A Mustard Seed of Faith

Amber Ginter

iBelieve Contributing Writer
Published Jun 09, 2024
A Mustard Seed of Faith

If I could encourage you with one thing, it would be to plant and plant again. Don't lose hope. Hold onto those dreams. Keep praying those prayers. Because He hears you.

"He said to them, 'Because of your little faith. For truly, I say to you, if you have faith like a grain of mustard seed, you will say to this mountain, "Move from here to there," and it will move, and nothing will be impossible for you.'" Matthew 17:20 (ESV)

I'm not a huge fan of jewelry. Fancy beads and diamonds have never been my jive. But when I was in third grade, I thought the "I Love Jesus," cloth bracelets you clipped together were all the rave. I've worn mine for the last twenty years. 

As I prepared to attend the Blue Ridge Mountains Christian Writers Conference, I felt led to wear a necklace my best friend got me last year. Embarrassed, I unhooked the clasp from the still-sealed package and secured it around my neck. It looked a little wonky with my other necklace (you better believe I didn't take it off!), but the gold circle shimmered in the sun. Pressed between the two small clear glasses reflected two things:

  1. A mountain.
  2. And a mustard seed.

I smile now, looking back on the decision to wear it. God is always up to something...

Small Beginnings

"Do not despise these small beginnings, for the Lord rejoices to see the work begin, to see the plumb line in Zerubbabel’s hand." Zechariah 4:10 (NLT)

May was a big month for me. I formally resigned from teaching. Endured surgery for endometriosis. And, as mentioned above, attended the Blue Ridge Mountains Christian Writers Conference.

I almost forgot about the necklace God told me to wear earlier that week. But God didn't.

After deciding to leave teaching, I felt freedom and fear. Freedom to finally pursue a career I felt called to, but fear of the unknown. My husband and counselor encouraged me to trust God a little deeper—to rest in a place I didn't know but someday would.

With all the bravery I could muster, I pulled the plug. Not only was my boss supportive, but he shared a similar story when he felt led by God to pursue his calling. It was comforting to know he supported me in this new adventure. Staff and students alike were also encouraging. I was planting mustard seeds.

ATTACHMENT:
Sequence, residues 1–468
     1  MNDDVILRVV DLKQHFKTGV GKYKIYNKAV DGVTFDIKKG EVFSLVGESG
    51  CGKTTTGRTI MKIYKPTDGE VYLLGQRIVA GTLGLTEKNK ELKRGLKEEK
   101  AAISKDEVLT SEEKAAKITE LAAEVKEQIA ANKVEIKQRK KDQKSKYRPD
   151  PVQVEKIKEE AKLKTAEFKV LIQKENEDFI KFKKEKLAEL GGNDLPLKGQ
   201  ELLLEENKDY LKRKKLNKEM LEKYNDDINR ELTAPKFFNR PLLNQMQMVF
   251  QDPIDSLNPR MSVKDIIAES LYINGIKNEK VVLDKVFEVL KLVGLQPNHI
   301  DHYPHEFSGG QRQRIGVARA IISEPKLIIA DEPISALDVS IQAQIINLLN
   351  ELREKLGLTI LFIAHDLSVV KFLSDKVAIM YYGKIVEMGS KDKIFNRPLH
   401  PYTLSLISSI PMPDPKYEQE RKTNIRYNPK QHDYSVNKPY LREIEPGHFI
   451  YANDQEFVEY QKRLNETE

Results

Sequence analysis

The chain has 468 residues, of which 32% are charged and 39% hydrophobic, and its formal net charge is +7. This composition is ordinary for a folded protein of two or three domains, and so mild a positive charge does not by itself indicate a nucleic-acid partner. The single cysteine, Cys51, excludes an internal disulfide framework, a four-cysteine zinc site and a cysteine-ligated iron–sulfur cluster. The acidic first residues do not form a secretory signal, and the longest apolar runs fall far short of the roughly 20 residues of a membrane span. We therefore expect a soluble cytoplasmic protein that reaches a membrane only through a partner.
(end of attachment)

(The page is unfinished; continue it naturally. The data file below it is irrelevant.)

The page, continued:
"Small beginnings," whispered in my ears.

My surgery was also successful. The doctor was able to excise the endometriosis, adhesions, and cysts. I've been healing fairly well, and we pray I'll see a difference in three to six months. Again, I planted seeds. Faith in the doctors and surgeons who completed the excision, and trust and hope in the Lord guiding their steps.

Finally, after both of these adventures, I arrived in Black Mountain, North Carolina. My goal was to continue planting seeds, making connections, building a network, and gleaning as much information from the sessions as I could. God had other plans. More specifically, the Gardner was planting and watering mustard seeds long before I arrived.

A book I read once said that though the mustard seed is one of the smallest seeds, it grows and develops into the largest trees. I think this is true of our faith. Our job isn't to have a huge amount of faith. Though that's wonderful, Jesus tells us even if we have a mustard seed of faith, we can tell mountains to move, and they do (Luke 13:19). Seeds were being planted at this conference, but it's evident the seeds I planted long ago were also now developing and bearing fruit.

With the most humble spirit I can present through words, my first writing conference experience was incredible. It was beautiful, and much more than I ever anticipated. I was shocked when every agent, publisher, and author I spoke with was interested in my work and requested materials, or referred me to another client. I received a contract offer on the spot and won 1st place in the BRMCWC Foundation Award for Young Adult Nonfiction. All praise be to God. I say these things not to boast, but to boast only in Christ within me who made these things possible.